I’ve loved snow all my life, so any snowy day is a favorite day in my book. Ice, now that’s another story, but I have a vivid childhood memory that even makes that a bit enchanting.
When I was a kid growing up in Athens, Georgia, one Christmas Eve a winter storm blew through. Although it was probably a small storm, from my child-size perspective, on Christmas morning it looked like a whopper of a snow. I remember heading to the next-door neighbors house to see what Santa brought overnight.
This day though, the ice was heavy enough to cause two evergreen trees on the path to bow together and create an arch overhead, forming a mini tunnel. Ice cycles were hanging down from the crest of the arch, producing a most idyllic scene for a child’s Christmas morning. That magical image obviously left a strong impression on the child-size me.
To my eye, a snowy scene transforms the landscape into a lovely winter wonderland. That sounds like such a cliché, but a good storm is absolutely enchanting to me. It creates a completely different world to enjoy, both visually and experientially. The world is somehow pristine, and cleaner.
When our kids were young, days off school were always special and fun. These days our dogs really have a blast in the snow. Some years we enjoy winter vacations to extra snowy destinations — Montana, Wyoming, Idaho, Colorado, and Utah. The Christmas markets in Germany were enchanting a few years back, and the mountains of Switzerland were mesmerizing.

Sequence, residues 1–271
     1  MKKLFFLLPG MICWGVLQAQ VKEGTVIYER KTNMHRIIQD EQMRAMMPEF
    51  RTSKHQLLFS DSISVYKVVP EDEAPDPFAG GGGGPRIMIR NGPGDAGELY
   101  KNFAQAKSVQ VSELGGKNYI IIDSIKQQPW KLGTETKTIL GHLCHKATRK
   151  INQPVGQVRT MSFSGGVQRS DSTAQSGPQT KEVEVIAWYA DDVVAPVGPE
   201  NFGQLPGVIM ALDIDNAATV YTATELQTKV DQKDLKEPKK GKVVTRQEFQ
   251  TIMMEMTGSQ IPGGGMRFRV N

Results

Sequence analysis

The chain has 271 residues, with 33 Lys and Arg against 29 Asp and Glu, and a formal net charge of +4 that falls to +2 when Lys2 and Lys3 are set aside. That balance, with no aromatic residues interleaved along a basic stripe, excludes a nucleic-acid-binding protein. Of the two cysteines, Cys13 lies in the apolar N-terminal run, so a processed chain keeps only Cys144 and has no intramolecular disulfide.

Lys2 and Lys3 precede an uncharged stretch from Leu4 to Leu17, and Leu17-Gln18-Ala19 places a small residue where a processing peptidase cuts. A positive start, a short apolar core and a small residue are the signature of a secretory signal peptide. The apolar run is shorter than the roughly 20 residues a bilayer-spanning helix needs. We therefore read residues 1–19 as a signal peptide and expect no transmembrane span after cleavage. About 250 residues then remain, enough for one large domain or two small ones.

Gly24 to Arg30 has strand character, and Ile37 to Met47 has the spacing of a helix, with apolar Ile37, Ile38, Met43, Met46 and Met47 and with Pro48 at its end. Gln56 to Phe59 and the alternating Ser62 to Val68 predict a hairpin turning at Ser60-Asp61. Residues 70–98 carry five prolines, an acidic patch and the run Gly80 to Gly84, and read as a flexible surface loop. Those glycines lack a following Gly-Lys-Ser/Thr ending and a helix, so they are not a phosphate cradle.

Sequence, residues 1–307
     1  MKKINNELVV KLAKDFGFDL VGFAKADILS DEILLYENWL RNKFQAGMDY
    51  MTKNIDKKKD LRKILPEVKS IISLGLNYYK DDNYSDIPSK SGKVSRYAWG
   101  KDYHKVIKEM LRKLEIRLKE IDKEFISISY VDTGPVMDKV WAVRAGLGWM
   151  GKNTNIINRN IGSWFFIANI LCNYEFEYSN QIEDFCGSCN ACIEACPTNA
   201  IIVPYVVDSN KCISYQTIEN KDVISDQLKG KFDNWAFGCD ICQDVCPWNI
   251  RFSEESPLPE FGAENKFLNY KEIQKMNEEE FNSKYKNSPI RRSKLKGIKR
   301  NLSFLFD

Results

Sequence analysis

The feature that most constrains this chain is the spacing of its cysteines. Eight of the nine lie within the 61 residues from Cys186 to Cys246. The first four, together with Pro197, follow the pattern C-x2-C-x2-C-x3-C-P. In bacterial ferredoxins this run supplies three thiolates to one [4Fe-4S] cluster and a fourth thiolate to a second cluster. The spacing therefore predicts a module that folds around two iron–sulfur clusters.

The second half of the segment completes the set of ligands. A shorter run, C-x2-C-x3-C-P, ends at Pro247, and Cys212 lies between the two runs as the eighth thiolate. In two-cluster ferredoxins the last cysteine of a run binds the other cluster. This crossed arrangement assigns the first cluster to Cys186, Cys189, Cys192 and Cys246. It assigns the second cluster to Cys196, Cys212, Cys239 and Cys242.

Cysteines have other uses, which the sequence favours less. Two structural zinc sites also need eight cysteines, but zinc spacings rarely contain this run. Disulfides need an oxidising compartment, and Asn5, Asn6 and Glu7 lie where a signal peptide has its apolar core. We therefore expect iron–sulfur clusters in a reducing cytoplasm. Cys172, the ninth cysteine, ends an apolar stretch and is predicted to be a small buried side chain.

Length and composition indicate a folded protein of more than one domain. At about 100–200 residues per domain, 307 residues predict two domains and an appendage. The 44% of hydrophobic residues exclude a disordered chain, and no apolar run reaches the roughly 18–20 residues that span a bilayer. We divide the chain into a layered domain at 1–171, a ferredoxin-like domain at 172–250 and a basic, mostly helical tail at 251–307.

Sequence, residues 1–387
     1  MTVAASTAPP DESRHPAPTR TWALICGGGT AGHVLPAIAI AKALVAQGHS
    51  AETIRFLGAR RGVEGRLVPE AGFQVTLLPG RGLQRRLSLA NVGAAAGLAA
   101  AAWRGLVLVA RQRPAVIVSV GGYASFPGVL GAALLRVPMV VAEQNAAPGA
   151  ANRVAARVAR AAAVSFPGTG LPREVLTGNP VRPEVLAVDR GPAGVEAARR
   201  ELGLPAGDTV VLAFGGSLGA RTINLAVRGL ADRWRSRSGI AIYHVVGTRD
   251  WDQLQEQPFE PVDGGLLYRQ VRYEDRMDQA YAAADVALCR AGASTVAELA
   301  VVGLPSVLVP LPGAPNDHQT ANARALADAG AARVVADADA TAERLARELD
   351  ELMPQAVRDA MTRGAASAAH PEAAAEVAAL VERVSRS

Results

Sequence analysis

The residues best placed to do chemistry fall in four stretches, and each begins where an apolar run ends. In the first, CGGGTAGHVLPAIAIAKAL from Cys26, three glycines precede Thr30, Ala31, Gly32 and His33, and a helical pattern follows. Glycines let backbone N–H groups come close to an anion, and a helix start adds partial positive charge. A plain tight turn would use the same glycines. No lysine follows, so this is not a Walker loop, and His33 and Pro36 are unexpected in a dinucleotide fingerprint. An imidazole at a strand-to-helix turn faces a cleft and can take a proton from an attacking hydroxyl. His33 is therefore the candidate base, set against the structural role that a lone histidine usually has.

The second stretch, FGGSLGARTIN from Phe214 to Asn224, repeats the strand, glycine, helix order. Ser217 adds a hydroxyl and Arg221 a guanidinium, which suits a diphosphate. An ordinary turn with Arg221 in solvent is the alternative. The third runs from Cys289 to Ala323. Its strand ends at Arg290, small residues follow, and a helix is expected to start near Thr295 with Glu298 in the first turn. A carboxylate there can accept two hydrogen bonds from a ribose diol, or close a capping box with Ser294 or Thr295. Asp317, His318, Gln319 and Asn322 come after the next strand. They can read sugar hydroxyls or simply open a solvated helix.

If you happen to not be a fan of snow but love your landscape, here’s a reason to reconsider. Snow is great for your garden. Here’s why:
I’ve never lived anywhere where snowfall is a burden, or winters are severe and terribly long. If I did, I might not love it as I do. Thus far, when an imminent snowstorm is in the forecast, I couldn’t be happier.
That snow covered, icy Christmas morning memory may be one of the reasons I still love snow, and it probably wasn’t as dramatic as I remember it. But I’ll hold on to my child-like excitement. I still love it that much, although I’m usually not unhappy by the time the snirt (read- snow, combo dirt) is gone.
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